Mid-Century Modern Architecture
“Architecture starts when you carefully put two bricks together. There it begins”. Ludwig Mies van der Rohe was the one who started this, but it could have been easily said by any other giant in the architecture scene. From the beginning, we felt the need to take cover and create a place to call our own, a place of comfort. This evolved into an actual art form and nowadays we witness some of the biggest architectural pieces of modern time. We feel so passionately about this subject that today we are going to tell you everything you need to know about mid-century modern architecture!
Architecture is and has always been a reflection of the times we are living in. The lines, shapes, and dimensions, as well as the materials, keep changing, trying to adapt to our ever-evolving world. During the mid-twenty century, architects were trying to reach something new, something different. The great architects of the 1940s and 1950s believed their forward-looking style could be a vehicle for social change to create a better society. In fact – fun fact – it was during this time that the public garages started to appear, trying to mirror that social change.
Europe was where it all began, in the north, where Scandinavian furniture also first saw the light of day. Architects such as Eero Saarinen or Arne Jacobsen were at the forefront of this movement. It quickly made its way across the ocean into American lands, where it immediately received a wide and warm reception, especially in the West Coast, where Palm Springs would come to be the pinnacle of everything mid-century: mid-century design, mid-century homes, and mid-century inspiration overall.
HOW TO RECOGNIZE THE MID-CENTURY STYLE?
It’s very easy to notice that most of these homes have very regular and rigorous geometric lines. One of the most regular features of them all is the roofs. It’s very common to see flat planes, and they instantly became one of the most popular features in mid-century homes, making them truly iconic.
Sliding-glass doors and other expansive panes of glass allowed light to enter rooms from multiple angles. Natural light was extremely important in mid-century modern architecture and so the design of the house brought that mix of nature indoors.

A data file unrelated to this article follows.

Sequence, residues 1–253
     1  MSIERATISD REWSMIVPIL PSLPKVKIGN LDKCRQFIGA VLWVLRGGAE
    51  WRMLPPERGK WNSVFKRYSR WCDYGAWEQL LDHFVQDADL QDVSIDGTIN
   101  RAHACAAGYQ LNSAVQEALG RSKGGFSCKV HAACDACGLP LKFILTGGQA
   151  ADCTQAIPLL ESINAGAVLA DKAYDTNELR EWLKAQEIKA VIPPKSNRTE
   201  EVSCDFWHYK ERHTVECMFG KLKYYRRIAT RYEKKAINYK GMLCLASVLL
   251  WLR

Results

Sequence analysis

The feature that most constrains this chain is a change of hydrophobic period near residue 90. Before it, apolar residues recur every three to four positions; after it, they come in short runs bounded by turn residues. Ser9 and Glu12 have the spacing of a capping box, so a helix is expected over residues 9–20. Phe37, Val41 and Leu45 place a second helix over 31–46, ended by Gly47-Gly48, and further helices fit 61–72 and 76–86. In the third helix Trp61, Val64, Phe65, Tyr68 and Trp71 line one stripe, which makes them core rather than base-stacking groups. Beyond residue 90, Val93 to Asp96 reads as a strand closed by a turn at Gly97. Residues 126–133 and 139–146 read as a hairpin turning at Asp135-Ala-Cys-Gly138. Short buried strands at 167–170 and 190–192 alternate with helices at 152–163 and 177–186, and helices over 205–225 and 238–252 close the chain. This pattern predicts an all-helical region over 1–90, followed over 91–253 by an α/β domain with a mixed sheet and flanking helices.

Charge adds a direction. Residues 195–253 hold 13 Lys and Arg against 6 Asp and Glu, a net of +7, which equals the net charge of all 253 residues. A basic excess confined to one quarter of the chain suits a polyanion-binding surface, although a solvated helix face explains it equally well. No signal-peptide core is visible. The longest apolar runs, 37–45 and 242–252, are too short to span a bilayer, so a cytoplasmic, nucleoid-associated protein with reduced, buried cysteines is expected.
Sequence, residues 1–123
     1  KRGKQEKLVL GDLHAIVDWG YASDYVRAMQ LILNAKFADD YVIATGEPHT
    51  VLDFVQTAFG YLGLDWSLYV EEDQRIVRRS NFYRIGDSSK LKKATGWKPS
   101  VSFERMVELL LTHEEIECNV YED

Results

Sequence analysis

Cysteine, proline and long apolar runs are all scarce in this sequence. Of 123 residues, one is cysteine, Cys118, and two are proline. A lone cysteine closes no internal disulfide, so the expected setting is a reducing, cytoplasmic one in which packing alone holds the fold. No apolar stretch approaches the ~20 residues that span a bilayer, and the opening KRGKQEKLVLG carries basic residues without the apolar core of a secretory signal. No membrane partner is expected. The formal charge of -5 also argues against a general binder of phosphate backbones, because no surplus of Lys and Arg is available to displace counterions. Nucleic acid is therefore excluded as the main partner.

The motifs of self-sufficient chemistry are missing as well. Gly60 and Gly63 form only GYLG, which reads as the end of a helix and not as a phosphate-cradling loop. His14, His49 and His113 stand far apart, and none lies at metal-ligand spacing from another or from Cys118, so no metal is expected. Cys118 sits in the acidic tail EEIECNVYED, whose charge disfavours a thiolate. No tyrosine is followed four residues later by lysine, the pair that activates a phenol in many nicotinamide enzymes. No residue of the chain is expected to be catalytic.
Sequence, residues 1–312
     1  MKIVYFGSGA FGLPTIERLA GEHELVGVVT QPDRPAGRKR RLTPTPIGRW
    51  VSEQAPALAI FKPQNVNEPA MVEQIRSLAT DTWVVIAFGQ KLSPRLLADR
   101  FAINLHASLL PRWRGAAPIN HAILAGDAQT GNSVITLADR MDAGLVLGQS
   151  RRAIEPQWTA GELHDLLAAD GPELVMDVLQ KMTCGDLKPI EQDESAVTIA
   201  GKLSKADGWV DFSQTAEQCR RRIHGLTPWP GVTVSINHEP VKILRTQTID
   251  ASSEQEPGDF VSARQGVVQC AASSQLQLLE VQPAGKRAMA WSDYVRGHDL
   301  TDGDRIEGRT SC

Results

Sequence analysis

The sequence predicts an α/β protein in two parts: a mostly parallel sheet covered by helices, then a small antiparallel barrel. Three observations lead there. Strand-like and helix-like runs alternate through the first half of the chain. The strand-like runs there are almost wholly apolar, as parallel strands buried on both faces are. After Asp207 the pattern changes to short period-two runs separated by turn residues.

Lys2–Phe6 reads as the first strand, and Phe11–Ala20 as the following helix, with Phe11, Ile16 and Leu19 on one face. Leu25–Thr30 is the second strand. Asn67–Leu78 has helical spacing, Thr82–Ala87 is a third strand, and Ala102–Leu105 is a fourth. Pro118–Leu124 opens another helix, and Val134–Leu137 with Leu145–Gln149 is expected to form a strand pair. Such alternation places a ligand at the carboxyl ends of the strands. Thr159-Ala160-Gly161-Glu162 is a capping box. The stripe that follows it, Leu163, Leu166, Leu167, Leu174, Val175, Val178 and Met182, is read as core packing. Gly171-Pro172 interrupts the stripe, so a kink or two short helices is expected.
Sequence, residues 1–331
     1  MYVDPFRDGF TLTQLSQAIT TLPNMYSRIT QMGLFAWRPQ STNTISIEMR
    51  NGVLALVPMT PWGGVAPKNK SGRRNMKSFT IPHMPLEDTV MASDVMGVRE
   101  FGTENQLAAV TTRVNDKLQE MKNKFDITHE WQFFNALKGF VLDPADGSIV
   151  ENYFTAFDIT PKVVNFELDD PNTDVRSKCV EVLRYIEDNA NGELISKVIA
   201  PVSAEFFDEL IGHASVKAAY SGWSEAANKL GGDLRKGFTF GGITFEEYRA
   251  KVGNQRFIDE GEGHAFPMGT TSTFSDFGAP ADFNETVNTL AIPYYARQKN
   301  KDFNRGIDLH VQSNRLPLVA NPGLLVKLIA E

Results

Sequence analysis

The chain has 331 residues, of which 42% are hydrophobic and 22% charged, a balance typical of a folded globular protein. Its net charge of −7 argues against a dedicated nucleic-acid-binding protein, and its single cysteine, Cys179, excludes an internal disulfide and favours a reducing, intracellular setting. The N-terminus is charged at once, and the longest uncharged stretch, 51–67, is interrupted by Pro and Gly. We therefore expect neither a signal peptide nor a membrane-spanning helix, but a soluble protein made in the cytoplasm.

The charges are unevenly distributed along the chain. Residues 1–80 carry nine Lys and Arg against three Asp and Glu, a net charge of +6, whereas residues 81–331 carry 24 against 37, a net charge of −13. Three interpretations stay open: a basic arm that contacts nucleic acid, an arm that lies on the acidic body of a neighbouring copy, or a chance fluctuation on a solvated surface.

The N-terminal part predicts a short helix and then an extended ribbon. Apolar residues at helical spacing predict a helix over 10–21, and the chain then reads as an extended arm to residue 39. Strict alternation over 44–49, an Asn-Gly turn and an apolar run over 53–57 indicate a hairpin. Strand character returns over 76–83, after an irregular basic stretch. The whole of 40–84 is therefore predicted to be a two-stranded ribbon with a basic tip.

CHANES IN ELEVATION
Small steps going up and down between rooms create split-level spaces, even if the rooms’ height differs just a few inches. A mid-century modern home usually has partial walls, or cabinets of varying heights to create different depths in the space.
A BOND WITH NATURE
Mid-century modern houses are usually located in areas with a lot of natural surroundings. To enjoy this advantage, rooms have multiple outdoor views, or multiple access points, encouraging an appreciation of healthy living, mirroring a very northern-European way of living.
THESE ARE THE MID-CENTURY ARCHITECTS YOU NEED TO KNOW!
- EERO SAARINEN
Eero Saarinen was a 20th-century Finnish American architect and industrial designer noted for his mid-century modern and neo-futuristic style. Some of his most famous works include the now-closed TWA Terminal at the JFK airport, as well as the Gateway Arch in St. Louis, Missouri.
- ALVAR AALTO
Alvar Aalto’s career is reflected in the styles of his work, ranging from Nordic Classicism to a rational International Style Modernism during the 1930s to a more organic modernist style from the 1940s onwards.
- ARNE JACOBSEN
Arne Emil Jacobsen was a Danish architect and designer, probably best remembered for his contribution to architectural Functionalism. His works are mainly located in the North of Europe, with a very typical mid-century design.
- MILES VAN DER ROHE
Ludwig Mies van der Rohe was a German-American architect. Along with Le Corbusier, Walter Gropius, and Frank Lloyd Wright, he is widely regarded as one of the pioneers of modernist architecture. One of these most notable works has to be The Farnsworth House, which is probably one of the most famous houses in the world.
- RICHARD NEUTRA
Richard Joseph Neutra was an Austrian-American architect. Living and building for the majority of his career in Southern California, he came to be considered among the most important modernist architects.